I am coming at this discussion from another angle. I have been blogging about our journey of raising a special needs child ( ) and have a following nearing the “thousands” you mentioned. The blog is from an inspirational, encouraging point of view and I have been building speaking opportunities around the content with the goal of encouraging other families like our own. I have many of my readers who have asked to offer the blog entries in a book form. I never thought about it until I read how Seth Godin had done this “blog-to-book” concept with success. I just don’t know where to start on the publishing trail…self publish? Publisher?

    • Michael Hyatt

      You will need to start by doing some research. You basically have three options: do-it-yourself, assisted publishing (which most people refer to as self-publishing or by the pejorative “vanity publishing”) or traditional publishing. All can be valid, depending on your goals and resources. I plan to write a blog post on this soon. Thanks.

    • Joe Lalonde

      Kevin, congratulations on grabbing a large following! I hope you’ll get the attention you need to snag that book deal.

    • Patricia Zell

      Due to Michael’s encouragement through this blog, I wrote my book as blog posts and will release my self-published book within a month or so. I did my homework and chose a company that was recognized by Writer’s Digest. So far, I am quite pleased with the results.

  • Wildstx

    Michael ,

    Great insight as always. What is really daunting to me is the idea of needing to build one’s tribe to thousands before a publisher will consider your work. I have developed a platform through the assistance of an on-line course I took through as well as a basic marketing strategy. As a result, I have seen my tribe grow but no where near the thousands. Last week I submitted a requested proposal to an editor on a teaching devotional. We’ll see where that goes.

    I believe that I am answering God’s call on my life to write although I am not certain of the purpose. But I have decided I don’t need to know. My job is to be obedient and to do all that I can to make the words available. If He has someone He wants to read them, He will lead them to it. I seek to learn about the business and to improve my writing skills but ultimately I am but a tool in the Master’s hand.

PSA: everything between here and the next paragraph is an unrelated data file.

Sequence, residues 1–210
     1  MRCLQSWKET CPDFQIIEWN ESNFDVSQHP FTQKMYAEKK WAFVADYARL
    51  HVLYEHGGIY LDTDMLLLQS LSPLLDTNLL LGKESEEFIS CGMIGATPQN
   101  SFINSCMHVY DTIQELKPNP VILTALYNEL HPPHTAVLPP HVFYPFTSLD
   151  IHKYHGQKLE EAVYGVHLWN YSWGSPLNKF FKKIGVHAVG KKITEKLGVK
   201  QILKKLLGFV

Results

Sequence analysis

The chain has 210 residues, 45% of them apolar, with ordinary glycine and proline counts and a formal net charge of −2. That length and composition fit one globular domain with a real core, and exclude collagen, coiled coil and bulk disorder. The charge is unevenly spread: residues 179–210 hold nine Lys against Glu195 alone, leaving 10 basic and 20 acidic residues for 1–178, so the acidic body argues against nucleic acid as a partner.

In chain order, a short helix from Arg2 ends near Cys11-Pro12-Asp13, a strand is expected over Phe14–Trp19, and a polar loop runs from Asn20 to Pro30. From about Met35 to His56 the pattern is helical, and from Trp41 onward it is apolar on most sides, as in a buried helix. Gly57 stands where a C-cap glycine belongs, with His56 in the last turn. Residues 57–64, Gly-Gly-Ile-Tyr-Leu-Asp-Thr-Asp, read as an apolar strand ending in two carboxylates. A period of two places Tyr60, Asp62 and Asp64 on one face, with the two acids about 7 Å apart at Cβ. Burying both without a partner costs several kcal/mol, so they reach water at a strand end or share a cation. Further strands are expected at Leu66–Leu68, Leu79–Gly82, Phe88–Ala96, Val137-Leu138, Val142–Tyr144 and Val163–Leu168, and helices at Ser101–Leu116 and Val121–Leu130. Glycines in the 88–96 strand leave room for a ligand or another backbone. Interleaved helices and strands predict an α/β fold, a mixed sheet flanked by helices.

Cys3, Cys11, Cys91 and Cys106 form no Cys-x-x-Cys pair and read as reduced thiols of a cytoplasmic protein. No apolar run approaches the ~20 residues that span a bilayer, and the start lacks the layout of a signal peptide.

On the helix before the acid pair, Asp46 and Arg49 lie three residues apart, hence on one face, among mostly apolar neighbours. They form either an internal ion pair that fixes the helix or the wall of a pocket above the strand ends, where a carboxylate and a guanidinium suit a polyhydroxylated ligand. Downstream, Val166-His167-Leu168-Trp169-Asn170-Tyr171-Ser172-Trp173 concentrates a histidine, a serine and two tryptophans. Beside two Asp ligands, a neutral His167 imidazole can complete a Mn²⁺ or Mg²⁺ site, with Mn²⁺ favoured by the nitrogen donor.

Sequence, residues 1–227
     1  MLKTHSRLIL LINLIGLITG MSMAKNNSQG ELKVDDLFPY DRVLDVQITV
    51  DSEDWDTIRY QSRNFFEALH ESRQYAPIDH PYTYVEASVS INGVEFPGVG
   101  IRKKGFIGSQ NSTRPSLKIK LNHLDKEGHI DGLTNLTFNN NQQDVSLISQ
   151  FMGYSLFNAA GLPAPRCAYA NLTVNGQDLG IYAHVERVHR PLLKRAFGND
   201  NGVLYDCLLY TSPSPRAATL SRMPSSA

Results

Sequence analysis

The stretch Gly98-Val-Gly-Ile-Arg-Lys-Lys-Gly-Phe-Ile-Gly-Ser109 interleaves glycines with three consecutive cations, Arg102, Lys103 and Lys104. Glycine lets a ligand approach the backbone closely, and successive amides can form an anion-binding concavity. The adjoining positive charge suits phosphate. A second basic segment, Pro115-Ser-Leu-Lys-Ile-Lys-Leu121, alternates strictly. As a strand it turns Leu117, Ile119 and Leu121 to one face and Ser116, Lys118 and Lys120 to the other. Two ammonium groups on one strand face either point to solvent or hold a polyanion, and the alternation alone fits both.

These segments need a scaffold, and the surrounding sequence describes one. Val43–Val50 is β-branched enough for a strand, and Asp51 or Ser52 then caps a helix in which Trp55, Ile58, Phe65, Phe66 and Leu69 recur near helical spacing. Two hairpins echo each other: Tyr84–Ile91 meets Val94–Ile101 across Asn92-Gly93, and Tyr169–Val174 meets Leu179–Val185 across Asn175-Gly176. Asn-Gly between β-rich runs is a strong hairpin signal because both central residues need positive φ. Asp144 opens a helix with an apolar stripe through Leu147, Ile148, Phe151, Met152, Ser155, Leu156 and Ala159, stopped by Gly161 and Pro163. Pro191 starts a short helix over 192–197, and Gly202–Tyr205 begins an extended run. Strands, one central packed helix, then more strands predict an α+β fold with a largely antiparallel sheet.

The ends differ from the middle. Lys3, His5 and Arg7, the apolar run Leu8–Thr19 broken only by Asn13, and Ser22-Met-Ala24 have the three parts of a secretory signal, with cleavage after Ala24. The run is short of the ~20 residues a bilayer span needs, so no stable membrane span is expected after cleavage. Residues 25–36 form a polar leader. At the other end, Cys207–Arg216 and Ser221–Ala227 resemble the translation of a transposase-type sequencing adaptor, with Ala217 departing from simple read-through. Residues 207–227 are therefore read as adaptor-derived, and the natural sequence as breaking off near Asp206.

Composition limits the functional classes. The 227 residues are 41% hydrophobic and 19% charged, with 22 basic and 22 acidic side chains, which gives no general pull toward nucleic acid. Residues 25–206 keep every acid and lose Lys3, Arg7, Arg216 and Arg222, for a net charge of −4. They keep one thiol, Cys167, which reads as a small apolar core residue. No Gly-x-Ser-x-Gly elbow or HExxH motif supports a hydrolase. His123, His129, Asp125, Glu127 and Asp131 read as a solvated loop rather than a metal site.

Thank you for continuing to share your insight and knowledge with us. I have learned much from your blog.


    • Michael Hyatt

      I think the sheer number of followers can be over-rated. If you have a small but engaged community, that’s what you need to emphasize in your proposal. If even 1,000 people are behind you, they can make a huge difference in getting the word out.

      • TNeal

        This reminds me of the conversation between Abraham and the Lord. “If only twenty…” “If only ten…” Just read that this morning.

        Michael, a thousand seems like a manageable number.

  • Curtis


    I’ve heard you comment on this before and I think it is starting to finally sink in :)
    Where I think I get stuck is in trying to sort out how to build the platform…the audience if you will…without giving away the goods. It almost feels like I would have to have enough “stuff” for two good books in order to write one. The first book’s worth of material going towards building the platform and the second going into the actual book.
    Any thoughts on how to navigate that?


    • Michael Hyatt

      Personally, I give it away. People will still want it in a book form. For example, I am not contemplating writing a book on how to build a platform. Most of what I will say, I’ve said here on my blog. But most people don’t want to dig through the archives and put it all together. Besides, I will update everything and expand it. It is a different kind of product.

      Think of the music world. You buy a song or a record and you still by a ticket to go hear them live. Two slightly different products.

  • Joe Lalonde

    Thanks for another great article! I really see this in the materials I read. I’ve recently started following some blogs and resources and am starting to trust them. When they recommend a book, I take a longer look at what they’re promoting.